The plaintiff has called by attention to a decision which is in no way dispositive of the present case but which dealt with the word 'prompt' in a contract and is a good statement of the considerations which should guide the Court in ascertaining the intention of the parties in using it. 'Neither word ('rush' or 'prompt') has, as far as the finding goes, any precise or definite meaning in the connection in which it was used in this instance. Both undoubtedly require something more than ordinary diligence, but their significance in a given case can only be determined in view of the terms and subject-matter of the contract and the surrounding circumstances * * * the trial court concludes that the failure of the plaintiff to ship the lumber more promptly was almost wholly due to various embargoes existing upon the railroads over which the lumber was to be carried, and to the inability of the plaintiff in the exercise of reasonable diligence to secure suitable cars, and that the shipments were made with reasonable promptness in view of existing circumstances. These conclusions we cannot find to be so insupportable in the light of the other facts found as to be erroneous * * *'. Boston Lumber Co. v. Pendleton Bros., Inc., 102 Conn. 626, 129 A. 782, 784.
It must be kept in mind that this was a shipment from New Zealand and that shipping facilities in New Zealand, in perfectly normal times, were and had been for a long time 'notoriously irregular'
and that, for that reason, what would be considered prompt in Philadelphia, or even in Australia, would not be the standard by which shipments from New Zealand are to be judged.
The plaintiff produced an analysis of a number of contracts calling for 'prompt' shipment of wool from New Zealand, a study of which is illuminating upon the question of what the trade generally accepted as fulfilling that requirement. In all of them, of course, Kreglinger was the seller but the contracts were made with more than 30 different buyers or importers in the principal centers of the wool trade on the east coast, so that it would seem to fairly cover the trade.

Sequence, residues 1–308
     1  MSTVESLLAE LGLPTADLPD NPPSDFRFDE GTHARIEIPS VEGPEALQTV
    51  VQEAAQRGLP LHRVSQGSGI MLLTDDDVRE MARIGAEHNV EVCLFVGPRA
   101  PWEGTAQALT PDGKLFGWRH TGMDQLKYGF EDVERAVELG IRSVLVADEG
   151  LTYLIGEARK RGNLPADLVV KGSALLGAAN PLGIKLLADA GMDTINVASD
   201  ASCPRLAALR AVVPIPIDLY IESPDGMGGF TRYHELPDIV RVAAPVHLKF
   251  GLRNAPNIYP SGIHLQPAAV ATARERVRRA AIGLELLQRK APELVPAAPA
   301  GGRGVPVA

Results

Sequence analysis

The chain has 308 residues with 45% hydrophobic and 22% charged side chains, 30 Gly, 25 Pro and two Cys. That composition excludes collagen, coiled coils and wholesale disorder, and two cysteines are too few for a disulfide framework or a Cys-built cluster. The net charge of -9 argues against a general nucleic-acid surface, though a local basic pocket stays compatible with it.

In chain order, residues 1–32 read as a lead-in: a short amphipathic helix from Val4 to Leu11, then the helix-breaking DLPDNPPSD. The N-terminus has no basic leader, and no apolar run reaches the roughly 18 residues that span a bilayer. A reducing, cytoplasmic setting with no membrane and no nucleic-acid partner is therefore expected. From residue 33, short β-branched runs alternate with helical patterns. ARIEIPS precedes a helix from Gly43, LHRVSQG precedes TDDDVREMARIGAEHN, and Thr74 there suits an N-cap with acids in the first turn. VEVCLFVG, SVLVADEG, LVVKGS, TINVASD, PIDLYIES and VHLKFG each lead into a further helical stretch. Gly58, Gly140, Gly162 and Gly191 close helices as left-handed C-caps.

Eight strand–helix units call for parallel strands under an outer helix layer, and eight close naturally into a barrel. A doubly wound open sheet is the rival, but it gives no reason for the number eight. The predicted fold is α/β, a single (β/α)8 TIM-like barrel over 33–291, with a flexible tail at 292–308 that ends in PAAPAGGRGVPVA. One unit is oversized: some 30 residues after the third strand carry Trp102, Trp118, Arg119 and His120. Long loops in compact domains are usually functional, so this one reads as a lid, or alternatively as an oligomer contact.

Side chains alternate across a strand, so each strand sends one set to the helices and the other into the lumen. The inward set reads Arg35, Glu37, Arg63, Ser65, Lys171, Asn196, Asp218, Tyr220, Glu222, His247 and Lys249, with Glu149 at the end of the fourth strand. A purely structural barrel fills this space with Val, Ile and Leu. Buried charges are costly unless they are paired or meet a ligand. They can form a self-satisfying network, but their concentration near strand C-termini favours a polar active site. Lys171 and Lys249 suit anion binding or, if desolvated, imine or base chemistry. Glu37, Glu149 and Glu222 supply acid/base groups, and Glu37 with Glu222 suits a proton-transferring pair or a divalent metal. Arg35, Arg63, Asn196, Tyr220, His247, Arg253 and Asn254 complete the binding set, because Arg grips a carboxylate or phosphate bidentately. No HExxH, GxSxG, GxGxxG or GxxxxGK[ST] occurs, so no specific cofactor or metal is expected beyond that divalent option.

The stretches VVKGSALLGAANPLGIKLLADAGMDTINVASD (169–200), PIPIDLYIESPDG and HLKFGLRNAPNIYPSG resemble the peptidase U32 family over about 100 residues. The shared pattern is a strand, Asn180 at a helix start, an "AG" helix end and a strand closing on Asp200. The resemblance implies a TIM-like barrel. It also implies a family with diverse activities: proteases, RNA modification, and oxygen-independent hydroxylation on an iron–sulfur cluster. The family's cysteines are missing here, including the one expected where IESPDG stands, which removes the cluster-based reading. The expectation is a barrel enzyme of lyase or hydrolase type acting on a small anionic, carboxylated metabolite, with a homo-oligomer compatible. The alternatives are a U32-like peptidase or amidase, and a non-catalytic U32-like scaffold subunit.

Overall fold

Taking the period between August 19, 1949, and ending February 19, 1951, (the last loading date before the strike began) in order to eliminate the unusual strike situation and to get a fair idea of the accepted practice under normal conditions, it appears that the word 'prompt' was used in 69 out of 155 contracts and in only 27 of the 69 was the shipment made within 30 days and, what is more significant, in only one was the letter of credit for a period as short as 31 days. It thus appears that on 67 occasions some 25 buyers who had ordered wool for prompt shipment, bound themselves irrevocably to pay for it if shipped anywhere from 32 to 190 days. In 9 contracts it was 32 to 40 days. In 8 it was 41 to 52 and in 50 it was over 52 days -- the number of days between the contract and the shipment of the wool in this case.
It seems to me that only one conclusion can be drawn from the evidence of this analysis, namely, that the word 'prompt' in New Zealand wool contracts has no relation to any specific number of days allowed the seller to make shipment. It seems to have been a word inserted in all contracts where neither the specific date was fixed nor a ship designated. If it has any meaning at all it would seem to be equivalent to 'without undue delay' or possibly, as the Court, in the Connecticut case cited, held, something more than ordinary diligence, a standard to be determined from the circumstances which condition the seller's ability to make shipment. Leaving the strike out of consideration altogether, i am satisfied was poor, and if you bought wools facilities from New Zealand, the trade generally would have accepted, in normal times, 52 days as prompt shipment, and both parties with their wide experience in the wool business must have known what the trade considered prompt. I think that the plaintiff acted without undue delay and shipped within a reasonable time. It follows that the plaintiff in this case complied with the terms of the contract.